During the colonoscopy, your doctor will examine your large intestine with a long, flexible instrument with an attached fiber optic camera, giving him or her a direct look at the lining of your colon. While performing the colonoscopy, your doctor can look for inflammation, investigate specific symptoms or obtain biopsies of tissue or remove a polyp(s) if this is found during your procedure.

If your doctor recommends a colonoscopy, you will get a patient instruction sheet describing your colon prep, which needs to be completed before your screening colonoscopy. This preparation is painless but does require some time, and it is very important that you follow the directions closely.

For advanced colonoscopies, you will need to hold any blood thinners prior to the procedure.

Preparing For Your Colonoscopy

If your doctor recommends a colonoscopy, you will get a patient instruction sheet describing your colon prep, which needs to be completed before your screening colonoscopy. This preparation is painless but does require some time, and it is very important that you follow the directions closely.

For advanced colonoscopies, you will need to hold any blood thinners prior to the procedure.

After the procedure, you will spend a short amount of time in the post-op or recovery area so that the sedative wears off to the extent that you are ready to be discharged. You will need to have someone take you to your appointment, wait for you and drive you back to your home. If follow up is required, your doctor will provide personalized instructions after the procedure.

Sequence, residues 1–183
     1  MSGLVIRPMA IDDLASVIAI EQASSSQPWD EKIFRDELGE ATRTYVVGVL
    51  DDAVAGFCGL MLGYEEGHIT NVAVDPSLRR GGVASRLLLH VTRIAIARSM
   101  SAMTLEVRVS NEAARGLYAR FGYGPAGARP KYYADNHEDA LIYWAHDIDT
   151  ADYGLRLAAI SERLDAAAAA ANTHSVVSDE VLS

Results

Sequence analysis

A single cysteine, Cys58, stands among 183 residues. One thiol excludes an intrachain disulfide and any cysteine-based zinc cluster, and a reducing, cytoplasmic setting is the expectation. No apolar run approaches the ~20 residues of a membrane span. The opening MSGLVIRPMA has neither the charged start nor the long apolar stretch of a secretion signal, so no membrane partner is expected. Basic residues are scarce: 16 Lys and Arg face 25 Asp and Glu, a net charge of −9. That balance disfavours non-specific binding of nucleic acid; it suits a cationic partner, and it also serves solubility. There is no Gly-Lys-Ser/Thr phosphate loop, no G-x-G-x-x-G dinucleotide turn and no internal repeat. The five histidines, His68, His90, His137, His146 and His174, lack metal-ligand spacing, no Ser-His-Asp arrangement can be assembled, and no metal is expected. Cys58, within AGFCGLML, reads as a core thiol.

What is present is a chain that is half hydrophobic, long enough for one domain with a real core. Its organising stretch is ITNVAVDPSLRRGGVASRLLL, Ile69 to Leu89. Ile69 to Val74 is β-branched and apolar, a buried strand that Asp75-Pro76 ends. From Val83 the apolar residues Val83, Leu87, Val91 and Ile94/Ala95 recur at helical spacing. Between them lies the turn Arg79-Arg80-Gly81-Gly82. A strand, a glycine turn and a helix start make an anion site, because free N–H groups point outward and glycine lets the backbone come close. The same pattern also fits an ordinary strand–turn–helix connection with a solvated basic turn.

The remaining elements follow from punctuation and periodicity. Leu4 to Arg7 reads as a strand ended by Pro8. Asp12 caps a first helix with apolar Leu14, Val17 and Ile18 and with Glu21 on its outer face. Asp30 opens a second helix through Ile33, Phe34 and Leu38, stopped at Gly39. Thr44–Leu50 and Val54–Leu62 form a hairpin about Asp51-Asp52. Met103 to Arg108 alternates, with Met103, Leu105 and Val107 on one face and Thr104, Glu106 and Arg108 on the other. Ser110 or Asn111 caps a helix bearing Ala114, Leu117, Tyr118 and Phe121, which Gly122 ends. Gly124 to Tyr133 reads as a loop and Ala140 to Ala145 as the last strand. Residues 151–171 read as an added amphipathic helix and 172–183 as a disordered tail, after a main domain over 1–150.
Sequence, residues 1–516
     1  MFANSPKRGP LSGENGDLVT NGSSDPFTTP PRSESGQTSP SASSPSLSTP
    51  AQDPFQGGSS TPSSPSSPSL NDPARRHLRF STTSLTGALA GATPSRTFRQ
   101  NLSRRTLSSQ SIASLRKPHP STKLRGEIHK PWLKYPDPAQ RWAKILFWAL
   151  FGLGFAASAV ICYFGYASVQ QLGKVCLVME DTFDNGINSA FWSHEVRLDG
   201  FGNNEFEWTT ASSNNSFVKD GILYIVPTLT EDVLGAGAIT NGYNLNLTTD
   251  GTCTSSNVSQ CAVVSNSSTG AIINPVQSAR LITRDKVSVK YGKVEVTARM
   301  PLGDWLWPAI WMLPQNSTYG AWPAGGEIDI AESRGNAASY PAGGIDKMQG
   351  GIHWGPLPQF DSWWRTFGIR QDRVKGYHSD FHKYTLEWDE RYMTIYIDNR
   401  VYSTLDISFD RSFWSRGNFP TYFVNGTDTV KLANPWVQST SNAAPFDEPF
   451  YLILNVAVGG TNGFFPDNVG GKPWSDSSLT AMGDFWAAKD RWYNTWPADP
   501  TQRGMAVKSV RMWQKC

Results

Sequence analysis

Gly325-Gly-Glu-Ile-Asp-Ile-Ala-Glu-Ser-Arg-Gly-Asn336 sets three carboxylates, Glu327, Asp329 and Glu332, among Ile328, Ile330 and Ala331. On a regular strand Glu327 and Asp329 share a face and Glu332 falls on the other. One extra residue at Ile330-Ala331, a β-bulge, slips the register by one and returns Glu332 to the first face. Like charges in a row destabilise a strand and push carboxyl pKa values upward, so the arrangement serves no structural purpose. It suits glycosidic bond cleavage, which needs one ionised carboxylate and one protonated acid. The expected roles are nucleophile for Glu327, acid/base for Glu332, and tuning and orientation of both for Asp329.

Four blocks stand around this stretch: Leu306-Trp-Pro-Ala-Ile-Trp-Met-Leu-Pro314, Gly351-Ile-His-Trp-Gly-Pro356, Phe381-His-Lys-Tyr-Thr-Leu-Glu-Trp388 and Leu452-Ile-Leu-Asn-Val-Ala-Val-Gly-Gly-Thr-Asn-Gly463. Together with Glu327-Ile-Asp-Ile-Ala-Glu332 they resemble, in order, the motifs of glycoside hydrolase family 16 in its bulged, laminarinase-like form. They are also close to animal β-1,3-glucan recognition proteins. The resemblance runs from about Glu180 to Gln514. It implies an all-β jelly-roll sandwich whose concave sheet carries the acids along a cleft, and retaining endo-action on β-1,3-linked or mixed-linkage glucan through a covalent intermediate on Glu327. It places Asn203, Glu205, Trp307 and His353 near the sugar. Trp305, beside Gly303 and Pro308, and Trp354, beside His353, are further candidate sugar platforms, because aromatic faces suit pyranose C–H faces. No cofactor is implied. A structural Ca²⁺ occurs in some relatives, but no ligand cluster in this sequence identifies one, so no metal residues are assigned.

If you have an advanced colonoscopy, you will be kept on a clear liquid diet the day of the procedure. The next five days, you will stay on a low fiber diet. We will give you instructions after the procedure when you may resume your blood thinners if you are on any.

After Your Colonoscopy

After the procedure, you will spend a short amount of time in the post-op or recovery area so that the sedative wears off to the extent that you are ready to be discharged. You will need to have someone take you to your appointment, wait for you and drive you back to your home. If follow up is required, your doctor will provide personalized instructions after the procedure.

If you have an advanced colonoscopy, you will be kept on a clear liquid diet the day of the procedure. The next five days, you will stay on a low fiber diet. We will give you instructions after the procedure when you may resume your blood thinners if you are on any.

Consider asking your doctor the following questions to learn more about your colonoscopy:

  • Do I need a colonoscopy if I don’t have symptoms?
  • Do I need a referring physician to schedule the procedure or can I set up an appointment without the reference?
  • What will it feel like during the procedure? Afterward?
  • Should I bring someone with me for transportation?
  • Are there limitations to activities after the procedure? Can I go back to work or resume my daily activities?

Questions to Ask Your Provider About Your Colonoscopy

Consider asking your doctor the following questions to learn more about your colonoscopy:

  • Do I need a colonoscopy if I don’t have symptoms?
  • Do I need a referring physician to schedule the procedure or can I set up an appointment without the reference?
  • What will it feel like during the procedure? Afterward?
  • Should I bring someone with me for transportation?
  • Are there limitations to activities after the procedure? Can I go back to work or resume my daily activities?

Patient Stories for Colonoscopy